Obama Versus Economic Freedom
by Steven Hayward in 2012 Presidential Election, Economy

The Cato/Fraser Institute annual report on economic freedom in the world is just out, and it contains the unsurprising but still infuriating news that the United States has slipped from the ranks of the top ten freest economies in the world. Another achievement President Obama will no doubt celebrate. In the latest rankings, the U.S. dropped to 18th place, after ranking around third for most of the two decades between 1980 and 2000. The authors of this year’s report, James Gwartney, Robert Lawson, and Joshua Hall comment:
The United States, long considered a bastion of economic freedom, has become less free during the past decade. This decline is across the board. Increases in government spending, record deficits, violation of property rights, more onerous regulation of business, and wars on terrorism and drugs have all contributed to the erosion of economic freedom in America. . .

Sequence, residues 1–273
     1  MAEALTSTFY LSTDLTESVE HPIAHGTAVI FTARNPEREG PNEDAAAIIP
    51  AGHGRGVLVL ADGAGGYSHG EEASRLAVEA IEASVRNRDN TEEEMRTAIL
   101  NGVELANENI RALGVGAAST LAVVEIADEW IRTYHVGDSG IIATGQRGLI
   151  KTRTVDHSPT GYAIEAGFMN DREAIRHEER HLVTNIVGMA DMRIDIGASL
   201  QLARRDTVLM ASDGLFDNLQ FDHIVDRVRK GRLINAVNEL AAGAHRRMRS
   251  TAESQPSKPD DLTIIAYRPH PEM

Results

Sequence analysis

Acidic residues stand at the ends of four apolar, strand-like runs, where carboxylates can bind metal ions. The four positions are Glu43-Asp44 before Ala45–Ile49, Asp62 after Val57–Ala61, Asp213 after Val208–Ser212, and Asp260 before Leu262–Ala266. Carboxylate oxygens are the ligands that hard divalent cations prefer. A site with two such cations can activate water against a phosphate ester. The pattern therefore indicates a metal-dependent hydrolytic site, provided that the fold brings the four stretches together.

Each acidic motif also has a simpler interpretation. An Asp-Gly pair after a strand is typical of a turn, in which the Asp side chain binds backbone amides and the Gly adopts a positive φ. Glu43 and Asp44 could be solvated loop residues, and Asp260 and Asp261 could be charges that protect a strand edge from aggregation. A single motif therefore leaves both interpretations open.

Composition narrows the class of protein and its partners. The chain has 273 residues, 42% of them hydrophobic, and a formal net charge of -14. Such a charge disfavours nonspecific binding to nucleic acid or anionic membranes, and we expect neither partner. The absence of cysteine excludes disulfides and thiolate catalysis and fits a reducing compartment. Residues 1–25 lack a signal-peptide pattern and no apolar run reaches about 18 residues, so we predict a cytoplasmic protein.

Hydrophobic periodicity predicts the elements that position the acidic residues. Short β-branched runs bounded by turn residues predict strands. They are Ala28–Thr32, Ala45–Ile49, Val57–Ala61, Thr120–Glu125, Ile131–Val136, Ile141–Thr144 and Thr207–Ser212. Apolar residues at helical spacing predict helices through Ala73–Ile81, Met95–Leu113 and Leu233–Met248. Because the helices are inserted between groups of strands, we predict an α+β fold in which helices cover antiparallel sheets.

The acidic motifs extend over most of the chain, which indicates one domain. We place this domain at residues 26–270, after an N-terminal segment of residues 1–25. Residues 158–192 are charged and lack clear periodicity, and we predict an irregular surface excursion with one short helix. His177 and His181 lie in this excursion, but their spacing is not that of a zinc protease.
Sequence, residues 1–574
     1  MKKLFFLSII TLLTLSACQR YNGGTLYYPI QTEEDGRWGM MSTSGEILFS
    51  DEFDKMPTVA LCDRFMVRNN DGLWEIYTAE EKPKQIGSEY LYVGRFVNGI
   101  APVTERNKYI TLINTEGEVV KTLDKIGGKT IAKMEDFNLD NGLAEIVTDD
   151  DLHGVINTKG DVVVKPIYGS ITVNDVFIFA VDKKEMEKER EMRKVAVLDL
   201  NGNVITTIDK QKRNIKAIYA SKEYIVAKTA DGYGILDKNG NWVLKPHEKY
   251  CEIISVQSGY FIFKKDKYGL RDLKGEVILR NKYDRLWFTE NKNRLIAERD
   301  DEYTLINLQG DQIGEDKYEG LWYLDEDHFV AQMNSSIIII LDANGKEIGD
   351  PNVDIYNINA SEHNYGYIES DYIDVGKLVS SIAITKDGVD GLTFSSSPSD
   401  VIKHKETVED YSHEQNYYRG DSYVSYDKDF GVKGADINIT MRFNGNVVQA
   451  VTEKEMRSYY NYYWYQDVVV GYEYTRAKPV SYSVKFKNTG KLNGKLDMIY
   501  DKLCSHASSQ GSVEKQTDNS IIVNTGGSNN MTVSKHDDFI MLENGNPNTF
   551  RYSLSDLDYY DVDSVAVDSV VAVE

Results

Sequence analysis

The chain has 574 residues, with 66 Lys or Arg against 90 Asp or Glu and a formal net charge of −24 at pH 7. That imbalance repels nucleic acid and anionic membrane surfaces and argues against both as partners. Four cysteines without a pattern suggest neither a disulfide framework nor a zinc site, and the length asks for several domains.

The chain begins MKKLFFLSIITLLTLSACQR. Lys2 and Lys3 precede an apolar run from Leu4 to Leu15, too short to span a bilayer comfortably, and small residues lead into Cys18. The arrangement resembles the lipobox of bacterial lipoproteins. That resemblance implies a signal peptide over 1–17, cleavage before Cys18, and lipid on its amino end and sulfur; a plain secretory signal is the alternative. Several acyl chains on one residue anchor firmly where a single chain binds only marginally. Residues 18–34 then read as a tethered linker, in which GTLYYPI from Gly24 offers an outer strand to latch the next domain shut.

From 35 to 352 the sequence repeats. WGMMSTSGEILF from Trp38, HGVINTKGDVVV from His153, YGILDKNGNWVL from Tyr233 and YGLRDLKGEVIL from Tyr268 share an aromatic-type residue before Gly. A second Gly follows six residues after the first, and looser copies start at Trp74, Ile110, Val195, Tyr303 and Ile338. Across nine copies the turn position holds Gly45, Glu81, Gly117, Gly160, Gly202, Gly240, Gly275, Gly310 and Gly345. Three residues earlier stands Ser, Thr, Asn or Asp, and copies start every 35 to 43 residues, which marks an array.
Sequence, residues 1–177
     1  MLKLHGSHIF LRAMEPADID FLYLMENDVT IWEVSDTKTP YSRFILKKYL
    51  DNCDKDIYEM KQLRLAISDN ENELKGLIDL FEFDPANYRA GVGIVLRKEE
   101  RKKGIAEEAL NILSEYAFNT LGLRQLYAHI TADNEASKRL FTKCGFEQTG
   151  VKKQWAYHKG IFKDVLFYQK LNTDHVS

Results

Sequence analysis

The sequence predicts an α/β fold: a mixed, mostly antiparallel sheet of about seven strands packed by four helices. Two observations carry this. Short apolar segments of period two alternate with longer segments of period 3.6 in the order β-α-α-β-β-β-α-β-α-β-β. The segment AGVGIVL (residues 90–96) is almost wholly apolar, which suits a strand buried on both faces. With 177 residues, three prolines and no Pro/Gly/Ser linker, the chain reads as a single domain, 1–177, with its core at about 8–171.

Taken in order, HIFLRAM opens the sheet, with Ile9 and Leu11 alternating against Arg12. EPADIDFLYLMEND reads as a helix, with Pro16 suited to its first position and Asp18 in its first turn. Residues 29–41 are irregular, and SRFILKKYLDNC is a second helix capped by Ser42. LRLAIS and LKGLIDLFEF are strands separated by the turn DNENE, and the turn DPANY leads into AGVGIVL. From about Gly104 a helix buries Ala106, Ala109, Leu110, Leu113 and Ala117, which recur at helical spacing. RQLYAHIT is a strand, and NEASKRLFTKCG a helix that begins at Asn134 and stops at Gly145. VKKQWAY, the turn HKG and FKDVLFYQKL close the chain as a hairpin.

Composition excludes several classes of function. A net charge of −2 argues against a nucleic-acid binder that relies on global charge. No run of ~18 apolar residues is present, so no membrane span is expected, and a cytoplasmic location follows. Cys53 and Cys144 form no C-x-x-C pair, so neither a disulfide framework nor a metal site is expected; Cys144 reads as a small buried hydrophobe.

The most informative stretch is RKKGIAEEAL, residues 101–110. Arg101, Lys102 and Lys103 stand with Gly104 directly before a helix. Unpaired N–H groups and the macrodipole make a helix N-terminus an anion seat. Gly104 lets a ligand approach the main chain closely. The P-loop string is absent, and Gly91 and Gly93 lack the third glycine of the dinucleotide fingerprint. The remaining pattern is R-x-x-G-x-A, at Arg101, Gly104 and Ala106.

During the past decade, the U.S. rating fell nearly a full point on our 0-to-10 point scale, from 8.65 in 2000 to 7.70 in 2010. While it is difficult to pinpoint all the reasons for this decline, the increased use of eminent domain, the ramifications of the wars on terrorism and drugs, and the violation of the property rights of bondholders in the bailout of automobile companies have all clearly weakened private property and the rule of law tradition of the United States. . .
There are real consequences to this decline:
Our empirical work indicates that a one-point change in a country’s EFW rating is associated with a 1.0 to 1.5 percentage point change in the long-term annual growth rate, all else equal. It is worth noting that U.S. growth averaged 2.3 percent in the 1980s and 2.2 percent during the 1990s, but it fell to an annual rate of only 0.7 percent during 2000-2010. Without a reversal of undermining economic freedom, the future economic growth of the United States will be weak for many years to come.
So if Obama is re-elected, we better get used to more of this:

Oh what the heck, while we’re at it: